36 MPR September/October 2010 0026-0657/10 2010 Elsevier Ltd. All rights reserved.
Better cutting solutions by making the right choicesEngineers seeking improved metal cutting solutions have in the past tried iron-cobalt-nickel (Fe(Co)Ni) based binder alloys, but with mixed success. Work carried out by German hardmetals specialists H C Starck has shown that one of the necessary conditions for improvement is proper choice of the binder alloy composition. It found that the Fe(Co)Ni binder alloy composition has a prevailing influence on the attainable tungsten content present in the binder after sintering, which in turn explains new hot hardness results, and allows proper alloy choice for metal cutting applications...
Tungsten carbide-cobalt (WC-Co) based hardmetals are the technological basis for the major part of metal cutting applications, with inserts and round tools being the most applied. With declining raw material resources, fluctuating metal pric-es, HSE concerns and plain scientific curi-osity, Fe based binder alloys have moved into the focus of hardmetal technology in the last years. Such binder alloys have shown their advantages in applications like wear, corrosion and impact stressed tools, but their feasibility for metal cutting is less known and debated.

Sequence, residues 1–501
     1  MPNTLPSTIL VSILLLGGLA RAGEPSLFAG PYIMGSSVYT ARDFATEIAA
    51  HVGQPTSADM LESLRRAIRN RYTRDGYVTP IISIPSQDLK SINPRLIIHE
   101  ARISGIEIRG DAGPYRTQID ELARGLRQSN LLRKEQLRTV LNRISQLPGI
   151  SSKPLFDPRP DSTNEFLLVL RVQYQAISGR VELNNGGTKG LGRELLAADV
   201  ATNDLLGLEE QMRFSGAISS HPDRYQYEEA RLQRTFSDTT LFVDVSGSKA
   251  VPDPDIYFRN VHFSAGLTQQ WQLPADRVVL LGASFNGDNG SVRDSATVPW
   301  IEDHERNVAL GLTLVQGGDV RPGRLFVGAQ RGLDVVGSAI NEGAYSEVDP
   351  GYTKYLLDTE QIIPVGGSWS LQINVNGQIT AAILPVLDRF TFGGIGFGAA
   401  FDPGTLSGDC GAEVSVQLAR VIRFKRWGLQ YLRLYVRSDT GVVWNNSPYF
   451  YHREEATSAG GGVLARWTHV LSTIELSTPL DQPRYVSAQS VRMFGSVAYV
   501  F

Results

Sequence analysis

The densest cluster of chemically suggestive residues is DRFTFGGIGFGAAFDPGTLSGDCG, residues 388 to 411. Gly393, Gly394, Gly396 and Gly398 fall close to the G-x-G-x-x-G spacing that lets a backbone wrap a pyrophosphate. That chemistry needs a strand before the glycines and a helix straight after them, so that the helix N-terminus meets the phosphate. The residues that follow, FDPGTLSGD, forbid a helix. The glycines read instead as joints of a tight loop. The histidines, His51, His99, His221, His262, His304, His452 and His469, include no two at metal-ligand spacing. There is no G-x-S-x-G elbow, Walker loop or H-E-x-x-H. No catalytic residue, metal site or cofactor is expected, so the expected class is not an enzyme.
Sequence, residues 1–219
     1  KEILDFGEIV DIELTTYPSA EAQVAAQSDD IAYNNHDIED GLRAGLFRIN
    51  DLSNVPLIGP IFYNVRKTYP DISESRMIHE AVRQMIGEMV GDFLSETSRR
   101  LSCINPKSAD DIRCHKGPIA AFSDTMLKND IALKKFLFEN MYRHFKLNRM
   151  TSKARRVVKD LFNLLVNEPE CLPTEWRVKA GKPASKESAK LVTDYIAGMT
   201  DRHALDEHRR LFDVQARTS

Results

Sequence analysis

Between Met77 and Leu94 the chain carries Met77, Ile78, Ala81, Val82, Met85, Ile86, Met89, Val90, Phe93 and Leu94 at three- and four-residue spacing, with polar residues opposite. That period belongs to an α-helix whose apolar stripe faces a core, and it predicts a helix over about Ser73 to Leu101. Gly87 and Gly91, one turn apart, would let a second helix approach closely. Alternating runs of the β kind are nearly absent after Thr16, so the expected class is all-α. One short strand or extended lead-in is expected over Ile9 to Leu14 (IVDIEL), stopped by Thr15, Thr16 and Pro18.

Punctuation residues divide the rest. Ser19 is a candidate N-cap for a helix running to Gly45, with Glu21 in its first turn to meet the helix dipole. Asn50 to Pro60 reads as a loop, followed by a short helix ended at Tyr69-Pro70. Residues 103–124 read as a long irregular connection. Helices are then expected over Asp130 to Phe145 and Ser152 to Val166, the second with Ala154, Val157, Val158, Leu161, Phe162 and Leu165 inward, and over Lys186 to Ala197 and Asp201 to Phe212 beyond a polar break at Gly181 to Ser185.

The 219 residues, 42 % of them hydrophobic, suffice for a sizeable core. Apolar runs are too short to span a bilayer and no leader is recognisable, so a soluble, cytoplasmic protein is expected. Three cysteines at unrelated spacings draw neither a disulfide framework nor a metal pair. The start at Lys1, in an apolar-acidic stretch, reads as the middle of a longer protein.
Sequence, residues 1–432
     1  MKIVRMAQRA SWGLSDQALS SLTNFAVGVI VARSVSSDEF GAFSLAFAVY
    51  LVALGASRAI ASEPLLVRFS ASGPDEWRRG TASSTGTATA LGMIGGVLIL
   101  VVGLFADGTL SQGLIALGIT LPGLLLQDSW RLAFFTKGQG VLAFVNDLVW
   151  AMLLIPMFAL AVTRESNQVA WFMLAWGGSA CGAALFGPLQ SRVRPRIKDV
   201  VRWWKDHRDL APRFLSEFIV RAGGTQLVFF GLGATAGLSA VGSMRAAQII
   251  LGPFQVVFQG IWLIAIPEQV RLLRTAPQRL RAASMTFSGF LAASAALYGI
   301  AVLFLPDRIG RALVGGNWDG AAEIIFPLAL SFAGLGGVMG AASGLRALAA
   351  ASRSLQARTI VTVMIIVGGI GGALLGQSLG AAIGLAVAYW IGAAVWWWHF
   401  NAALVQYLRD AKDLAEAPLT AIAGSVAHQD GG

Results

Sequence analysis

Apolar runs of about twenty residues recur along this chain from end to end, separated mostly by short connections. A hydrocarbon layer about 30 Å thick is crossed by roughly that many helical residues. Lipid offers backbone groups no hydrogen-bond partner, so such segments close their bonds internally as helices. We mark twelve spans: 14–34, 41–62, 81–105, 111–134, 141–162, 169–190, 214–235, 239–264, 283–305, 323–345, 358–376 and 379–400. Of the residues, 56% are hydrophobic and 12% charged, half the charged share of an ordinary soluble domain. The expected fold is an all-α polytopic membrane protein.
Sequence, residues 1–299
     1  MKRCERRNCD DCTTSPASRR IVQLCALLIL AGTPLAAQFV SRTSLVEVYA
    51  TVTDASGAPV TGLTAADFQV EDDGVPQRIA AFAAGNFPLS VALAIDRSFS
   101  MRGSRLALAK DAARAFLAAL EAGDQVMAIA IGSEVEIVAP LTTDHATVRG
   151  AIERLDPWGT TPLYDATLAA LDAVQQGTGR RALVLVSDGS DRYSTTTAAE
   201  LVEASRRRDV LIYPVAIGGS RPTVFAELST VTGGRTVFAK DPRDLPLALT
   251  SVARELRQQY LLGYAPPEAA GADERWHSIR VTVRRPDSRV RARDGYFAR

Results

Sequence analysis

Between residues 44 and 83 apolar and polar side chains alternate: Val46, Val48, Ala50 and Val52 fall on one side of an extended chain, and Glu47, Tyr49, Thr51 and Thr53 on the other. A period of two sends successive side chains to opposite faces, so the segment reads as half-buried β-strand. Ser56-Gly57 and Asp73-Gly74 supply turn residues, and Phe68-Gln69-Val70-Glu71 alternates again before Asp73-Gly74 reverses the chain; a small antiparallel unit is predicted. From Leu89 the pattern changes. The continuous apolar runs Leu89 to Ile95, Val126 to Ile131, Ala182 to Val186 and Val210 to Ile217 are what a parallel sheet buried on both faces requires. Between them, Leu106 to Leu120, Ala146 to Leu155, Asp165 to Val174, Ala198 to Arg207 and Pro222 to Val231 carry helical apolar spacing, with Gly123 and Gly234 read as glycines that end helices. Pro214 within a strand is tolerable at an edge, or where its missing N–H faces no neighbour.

Older literature and experience do exist, but are outdated due to the vast changes in metal cutting technology. Enormous progress has been made in the last 20 years due to coating technology, geometrical tool optimisation and, last but not least, the challenges encountered by modern difficult to machine materials.
Beside fundamental requirements such as strength and sinterability, a hardmetal binder alloy for metal cutting grades must also secure enough resistance against plastic deformation at high temperatures in order to secure the geometry of the cutting edge.